Trans women vs trans men competing in Olympics

Alexis Haigler, reporter

     With the Tokyo Olympics approaching quickly, athletes around the world are gearing up to compete in the biggest sporting event in the world, a new problem arises though when figuring out where transgender competitors should comptete.

      In 2003, a committee convened by the International Olympic Committee (IOC) Medical Commission drew up new guidelines for the participation of athletes who had undergone gender reassignment. The report listed three conditions for participation. 

     First, athletes must have undergone sex reassignment surgery, including changes in the external genitalia. Second, athletes must show legal recognition of their gender. Third, athletes must have undergone hormone therapy for an appropriate time before participation, with two years being the suggested time. It wasn’t until 2004 that transgender people were able to compete in the Olympics according to the IOC.

      In 2015, the IOC modified these guidelines in recognition that legal recognition of gender could be difficult in countries where gender transition is not legal, and that requiring surgery in otherwise healthy individuals “may be inconsistent with developing legislation and notions of human rights.”

        The new guidelines require only that trans women athletes declare their gender and not change that assertion for four years, as well as demonstrate a testosterone level of fewer than 10 nanomoles per liter for at least one year prior to competition and throughout the period of eligibility according to IOC representatives and public rules. Athletes who transitioned from female to male were allowed to compete without restriction. These guidelines were in effect for the 2016 Rio Olympics, although no openly transgender athletes competed.

      Laurel Brown, a senior track runner has had some experience in competing against transgender athletes. She was in a female distance run and was supposed to be first in her heat, but a Fallston competitor who was biologically a male and identified as female was running alongside her. The athlete ended up lapping Laurel and all other competitors twice. She said she felt “cheated” as there was a stark difference in the transgender female athlete and the biologicaly female athletes and worried that some men might just say they identify as woman to place higher in the women’s races, though she was not saying she felt this is what this one specific athlete was doing.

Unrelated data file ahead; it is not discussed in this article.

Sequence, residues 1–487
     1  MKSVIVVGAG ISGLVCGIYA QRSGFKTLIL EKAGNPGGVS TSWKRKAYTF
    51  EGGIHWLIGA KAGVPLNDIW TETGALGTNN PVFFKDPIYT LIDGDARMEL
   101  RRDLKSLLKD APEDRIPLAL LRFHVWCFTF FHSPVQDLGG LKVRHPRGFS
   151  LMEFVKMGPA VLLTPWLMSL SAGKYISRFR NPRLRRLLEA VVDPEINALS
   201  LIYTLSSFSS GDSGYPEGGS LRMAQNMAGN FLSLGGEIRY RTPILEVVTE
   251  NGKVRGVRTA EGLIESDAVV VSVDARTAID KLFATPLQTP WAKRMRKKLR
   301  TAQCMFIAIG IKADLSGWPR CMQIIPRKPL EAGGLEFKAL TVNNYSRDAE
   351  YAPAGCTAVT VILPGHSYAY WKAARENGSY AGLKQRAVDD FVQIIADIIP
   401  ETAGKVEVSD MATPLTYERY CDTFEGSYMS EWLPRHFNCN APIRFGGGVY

She believes that having athletes separated by physical capability rather than just biological or identified gender, much like wrestling where competitors are separated by weight class to ensure people are going against athletes of their same level.

      Access regulations requiring that trans athletes compete against athletes of the same assigned sex at birth and requiring sex verification testing have been used. Proponents of such regulations regard them as necessary to ensure fair competition, while opponents regard them as “discriminatory” according to .

      Resistance to trans women competing in women’s sports generally focuses on physiological attributes such as height and weight, or performance metrics such as speed and strength, and whether sustained testosterone suppression can adequately reduce any natural advantages of male body characteristics within a given women’s sport which is shown in the IOC’s guidelines on transgender competitors, specifically transgender females.

     The problem isn’t trans people in sports, but rather trying to balance acceptance and equality of all athletes and give a fair chance to the competitors not giving one person an advantage or disadvantage.